To thunderous and sustained applause, Pakistan’s Malala Yousafzai received the Nobel Peace Prize on Dec. 10, CNN reported. Yousafzai, 17, is the youngest Nobel Peace Prize winner and was, alongside fellow winner and child rights campaigner Kailash Satyarthi, described as a champion of peace. "This award is not just for me. It is for those forgotten children who want education," Yousafzai said in her speech. "It is for those frightened children who want peace. It is for those voiceless children who want change. I am here to stand up for their rights, to raise their voice. It is not time to pity them."
More News to Cheer This Week:
Pope Francis has said he is pleased that 5 of the 30 members of the International Theological Commission are women but that it needs more female theologians, The Catholic Herald reported Dec. 8. "They are the strawberries on the cake, but there is need for more," the Pope said as he met the members, named to a five-year term in July.
In November 2014, women surpassed their previous employment peak, which was in September 2013, according to data released by the Bureau of Labor Statistics. The unemployment rate for female breadwinners, including single mothers, decreased considerably from a peak in 2010 at 13.4 percent to 8.2 percent, Ms. Magazine reported Dec. 10.
The Ms. Foundation for Women is backing the nationwide marches for justice and an end to police violence. "In Sanford, Florida, Ferguson, Missouri, Staten Island, New York and countless cities and towns across the country, systemic racism has trumped justice," President and CEO Teresa C. Younger said in a Dec. 11 statement. Younger also, on Dec. 10, vowed that her organization will continue to monitor the National Football League’s response to domestic violence among its players. "They need to continue their march down the field before they make a touchdown to truly change the culture of sexism," she wrote.
An Indiana federal judge found a 2013 state TRAP (Targeted Regulation of Abortion Providers) law unconstitutional, the Feminist Majority Foundation reported Dec. 10. The law requires abortion clinics to meet the same building code requirements as ambulatory surgical centers, even in facilities that only administer medication abortions. The bill targeted the only abortion clinic in Lafayette, which would have required costly renovations to continue serving over 4,000 patients.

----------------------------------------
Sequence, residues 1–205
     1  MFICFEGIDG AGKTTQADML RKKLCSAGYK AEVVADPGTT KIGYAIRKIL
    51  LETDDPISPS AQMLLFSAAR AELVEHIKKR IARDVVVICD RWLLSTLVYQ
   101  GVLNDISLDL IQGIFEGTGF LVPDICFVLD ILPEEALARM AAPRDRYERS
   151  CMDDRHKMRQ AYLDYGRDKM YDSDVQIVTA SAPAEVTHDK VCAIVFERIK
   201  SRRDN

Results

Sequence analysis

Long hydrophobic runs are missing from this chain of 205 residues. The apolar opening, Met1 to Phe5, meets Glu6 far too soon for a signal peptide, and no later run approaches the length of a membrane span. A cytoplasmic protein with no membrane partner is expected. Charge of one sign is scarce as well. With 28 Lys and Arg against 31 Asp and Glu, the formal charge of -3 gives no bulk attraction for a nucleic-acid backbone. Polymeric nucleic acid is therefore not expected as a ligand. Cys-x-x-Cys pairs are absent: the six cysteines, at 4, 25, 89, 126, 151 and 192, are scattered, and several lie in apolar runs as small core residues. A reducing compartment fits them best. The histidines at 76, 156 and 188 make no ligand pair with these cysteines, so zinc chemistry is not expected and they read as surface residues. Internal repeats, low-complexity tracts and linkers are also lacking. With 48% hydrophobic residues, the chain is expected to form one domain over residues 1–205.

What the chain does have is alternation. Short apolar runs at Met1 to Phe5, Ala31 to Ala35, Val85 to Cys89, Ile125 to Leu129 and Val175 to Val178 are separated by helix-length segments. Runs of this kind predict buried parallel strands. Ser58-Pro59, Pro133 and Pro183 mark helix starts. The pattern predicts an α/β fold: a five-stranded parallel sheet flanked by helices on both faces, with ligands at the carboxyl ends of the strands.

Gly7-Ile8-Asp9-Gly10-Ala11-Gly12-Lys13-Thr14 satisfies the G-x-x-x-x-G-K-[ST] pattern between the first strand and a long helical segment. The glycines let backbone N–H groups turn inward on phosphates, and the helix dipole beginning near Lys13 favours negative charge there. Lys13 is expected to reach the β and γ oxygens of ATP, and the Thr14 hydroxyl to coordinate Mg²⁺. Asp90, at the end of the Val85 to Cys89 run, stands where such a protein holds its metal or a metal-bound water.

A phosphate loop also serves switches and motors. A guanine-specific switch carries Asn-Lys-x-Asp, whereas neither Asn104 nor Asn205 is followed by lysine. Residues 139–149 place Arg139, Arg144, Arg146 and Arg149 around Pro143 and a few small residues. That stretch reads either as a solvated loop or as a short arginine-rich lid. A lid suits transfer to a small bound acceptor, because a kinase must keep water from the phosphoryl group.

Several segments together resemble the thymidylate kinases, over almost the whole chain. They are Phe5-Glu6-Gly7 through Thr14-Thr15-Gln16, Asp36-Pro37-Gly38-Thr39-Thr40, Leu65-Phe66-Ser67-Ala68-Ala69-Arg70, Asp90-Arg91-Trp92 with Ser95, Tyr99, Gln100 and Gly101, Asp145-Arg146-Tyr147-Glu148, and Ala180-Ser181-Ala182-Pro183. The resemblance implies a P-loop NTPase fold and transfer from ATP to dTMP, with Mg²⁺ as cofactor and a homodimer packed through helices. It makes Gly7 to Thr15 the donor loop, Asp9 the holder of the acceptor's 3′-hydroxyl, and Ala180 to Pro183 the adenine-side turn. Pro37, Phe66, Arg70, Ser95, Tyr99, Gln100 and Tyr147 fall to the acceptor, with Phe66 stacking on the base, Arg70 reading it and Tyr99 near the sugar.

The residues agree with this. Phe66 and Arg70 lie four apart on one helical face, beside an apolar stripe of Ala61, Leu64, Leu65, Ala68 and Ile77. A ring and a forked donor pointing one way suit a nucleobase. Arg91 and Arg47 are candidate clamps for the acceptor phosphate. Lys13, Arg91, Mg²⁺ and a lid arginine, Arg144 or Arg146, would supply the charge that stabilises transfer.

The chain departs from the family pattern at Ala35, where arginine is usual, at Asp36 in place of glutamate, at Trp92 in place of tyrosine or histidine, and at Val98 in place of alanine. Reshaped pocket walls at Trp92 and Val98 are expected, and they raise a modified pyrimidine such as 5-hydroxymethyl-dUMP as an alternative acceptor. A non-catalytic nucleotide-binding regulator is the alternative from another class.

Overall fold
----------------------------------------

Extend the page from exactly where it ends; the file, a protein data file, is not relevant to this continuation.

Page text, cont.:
A Planned Parenthood Action Fund bill was approved by the House of Representatives on Dec. 11 that will ensure for the first time that Peace Corps volunteers have access to abortion in cases of rape, incest or to protect the life of the woman. "We applaud Congress for extending equitable abortion coverage to female Peace Corps volunteers," Cecile Richards, president of Planned Parenthood Action Fund said in a statement. "These volunteers put their safety on the line through their invaluable service and deserve the same protections we provide to other women throughout the federal government. The bill also maintains current funding levels for key health programs such as the Title X Family Planning Program and the Teen Pregnancy Prevention Program.
An Uber driver in India allegedly raped a 25-year-old female passenger then threatened to kill her if she told police, The New York Daily News reported Dec. 7. The woman, who dozed off in the taxi, told police she woke to find the taxi parked in a secluded place where the driver assaulted and raped her, before dumping her near her home in New Delhi. As a result, the company has agreed to carry out a review of its India operations, Reuters reported Dec. 11, and is working to establish clear background checks currently that were missing in order to lift the government ban that was implemented earlier this week.
More News to Jeer This Week:
A Tennessee woman’s prison sentence was extended six years because she was pregnant while committing a federal offense and 100 organizations and leading experts are challenging the decision. National Advocates for Pregnant Women and 99 other organizations and experts filed a friend of the court brief on Dec. 8 in defense of Lacey Weld, a woman who pled guilty to conspiracy to manufacture methamphetamine while pregnant. Federal prosecutors argued that because she struggled with addiction and was in a volatile environment with dangerous fumes while pregnant, Weld put her unborn child at risk and deserved stronger punishment than the men who also participated in the operation. The federal district court in Tennessee agreed and increased the sentence, citing "a substantial risk of harm to the life of a minor" and creating a worrisome new precedent for judging pregnant women. Those opposed include medical and public health experts, reproductive justice and women’s rights organizations and civil rights and civil liberties organizations.